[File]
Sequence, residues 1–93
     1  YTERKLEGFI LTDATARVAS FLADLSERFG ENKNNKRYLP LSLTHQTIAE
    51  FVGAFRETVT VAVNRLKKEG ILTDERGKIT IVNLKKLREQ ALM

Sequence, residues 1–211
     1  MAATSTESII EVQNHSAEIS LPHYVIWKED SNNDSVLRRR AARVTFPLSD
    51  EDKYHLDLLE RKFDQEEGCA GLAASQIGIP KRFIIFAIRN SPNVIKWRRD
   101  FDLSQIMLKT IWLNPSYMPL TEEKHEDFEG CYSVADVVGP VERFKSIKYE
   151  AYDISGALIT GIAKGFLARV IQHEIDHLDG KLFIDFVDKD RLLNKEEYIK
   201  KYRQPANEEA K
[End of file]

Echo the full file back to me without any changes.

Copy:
Sequence, residues 1–93
     1  YTERKLEGFI LTDATARVAS FLADLSERFG ENKNNKRYLP LSLTHQTIAE
    51  FVGAFRETVT VAVNRLKKEG ILTDERGKIT IVNLKKLREQ ALM

Sequence, residues 1–211
     1  MAATSTESII EVQNHSAEIS LPHYVIWKED SNNDSVLRRR AARVTFPLSD
    51  EDKYHLDLLE RKFDQEEGCA GLAASQIGIP KRFIIFAIRN SPNVIKWRRD
   101  FDLSQIMLKT IWLNPSYMPL TEEKHEDFEG CYSVADVVGP VERFKSIKYE
   151  AYDISGALIT GIAKGFLARV IQHEIDHLDG KLFIDFVDKD RLLNKEEYIK
   201  KYRQPANEEA K